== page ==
Dundee-Crown Imperial Scots
Welcome to the Carpentersville Memories Imperial Scots Page. Our goal is to bring back some fun memories of growing up in the 1950s, 1960s, 1970s and 1980s.
We bring back Memories you didn’t know you had
Were you a member of the Imperial Scots?
Dundee-Crown Imperial Scots Marching Band
As was stated in the high school section, the changing attendance and budgets of the school district in the 1983 forced a major change. Dundee High School and Irving Crown High School merged and formed Dundee-Crown. This forced the two bands, the Imperials and the Scots, to merge as well. The merger resulted in the Dundee-Crown Imperial Scots. Enrollment was open to all district 300 high school students. This was done to include Jacob’s students, who had no marching band of their own.
Dundee’s band leader, Kenneth Kielniarz, moved elsewhere. It is believed that the move brought him to the Omaha, Nebraska area. Ken Miller headed up the new organization. He had the experience and a good track record regarding competition wins. The band competed on the national stage for many years. Internationally (they went to Canada, too), the band had been awarded many trophies over their 27 year reign (from the start of the Dundee Scots). Locally, they were regular performers in West Dundee for the Memorial Day Parade and in Niles, Skokie, and Northbrook on the 4th of July.
It is believed that the Dundee Scots hoagie fundraiser was continued by the Imperial Scots. A toothbrush fund raiser was also held as were many others.
As we entered the 1990’s the emerging national trend illustrated a lack of interest in marching bands in favor of other forms of high school bands. Another factor was that there were a lower number of local businesses donating which meant there was less money for the band to compete. Therefore, they disbanded in 1993-94 at the end of the school year. It didn’t help the cause that Mr. Miller retired.
In case you are interested – in 2010, former Scot members (Dundee and Imperial) started the Dundee Scottish Pipe Band. So, you can still hear the familiar sight and sound of those kilts and bagpipes.
SCOTS BAND ENDS ITS REIGN AS KIDS MARCH ELSEWHERE
By Patricia Tennison
June 20, 1994
The crowds will have to find a new champion this summer, for the Dundee Imperial Scots are calling it quits.
The summer marching band, which has won dozens of trophies over three decades, is hanging up its trademark bagpipes and kilts. Like many others, it has been unable to compete for teenagers’ time against strong high-school band programs, summer jobs and youth sports leagues.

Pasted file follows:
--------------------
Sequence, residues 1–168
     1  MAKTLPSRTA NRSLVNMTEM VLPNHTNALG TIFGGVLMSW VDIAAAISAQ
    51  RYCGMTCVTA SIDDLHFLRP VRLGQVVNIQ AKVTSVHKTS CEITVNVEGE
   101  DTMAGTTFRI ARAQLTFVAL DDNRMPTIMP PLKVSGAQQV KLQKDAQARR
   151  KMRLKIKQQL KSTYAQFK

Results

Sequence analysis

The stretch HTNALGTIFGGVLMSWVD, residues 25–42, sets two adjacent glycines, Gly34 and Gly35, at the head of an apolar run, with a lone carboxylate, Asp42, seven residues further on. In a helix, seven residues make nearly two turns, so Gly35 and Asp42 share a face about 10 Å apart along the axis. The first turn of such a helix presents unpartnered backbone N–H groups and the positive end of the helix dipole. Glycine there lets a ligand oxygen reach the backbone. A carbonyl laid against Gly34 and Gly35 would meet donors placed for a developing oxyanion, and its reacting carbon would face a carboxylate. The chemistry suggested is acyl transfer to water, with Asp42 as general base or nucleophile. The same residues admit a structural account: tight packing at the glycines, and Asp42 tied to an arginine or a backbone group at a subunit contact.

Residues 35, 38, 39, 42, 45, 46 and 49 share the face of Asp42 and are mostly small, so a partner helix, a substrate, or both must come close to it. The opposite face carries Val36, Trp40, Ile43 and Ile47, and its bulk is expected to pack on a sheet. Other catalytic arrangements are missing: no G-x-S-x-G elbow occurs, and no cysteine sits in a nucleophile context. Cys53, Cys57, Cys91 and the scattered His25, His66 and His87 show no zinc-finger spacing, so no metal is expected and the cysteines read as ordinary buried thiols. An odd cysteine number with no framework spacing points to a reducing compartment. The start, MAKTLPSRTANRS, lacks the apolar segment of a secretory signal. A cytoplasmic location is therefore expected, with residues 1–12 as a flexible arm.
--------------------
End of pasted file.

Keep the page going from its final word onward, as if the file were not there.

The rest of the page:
“It didn’t surprise me,” said Cindy Dall, 41, of Carpentersville, an original member of the 27-year-old band. “It’s hard because kids are involved in other things now.” Only 61 students signed up this summer for the band that once had 300 members.
But yesteryear was grand.
The West Dundee-based Scots started in 1967 and immediately won honors in Midwest competitions. In its second season, the Scots grabbed 11 trophies and when the students returned home from their summer competitions 100 cars filled with local supporters met the buses.
Their travels took them to competitions around the country and Canada as well as to Washington for President Richard Nixon’s inaugural parade, to Springfield for Gov. James Thompson’s inaugural parade and to New York for Macy’s Thanksgiving Day Parade.
Band leaders attribute the slide to increased demands for youths’ attention, including summer sports and jobs.
“When the band started in 1967, sports didn’t go 11 months a year,” said Ken Miller, band director for the Scots and for Dundee-Crown High School in Carpentersville. And girls’ sports weren’t as active. The ratio of girls to boys in the band is usually 60-40 or even 70-30, Miller said. “But now with girls’ sports, the number of girls joining the band is down,” he said. And local businesses no longer donate items such as gas for the buses or prizes for fundraisers.
But the sad tune still could change.
The Scots’ uniforms and equipment will be held in storage, and there will be one final push this fall to sign up middle school students for the 1995 summer band, said Howard Reicheneker, band co-president. “Everything is cyclical,” Miller said. “The Scots have been going down and down, but the high school bands are coming back.”
Click on the links below to view the Imperial Scots PDF Files
1988 Imperial Scots Cookbook Condensed Version
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Images of the Imperial Scots
Imperial Scots 1988 Cookbook Condensed Edition
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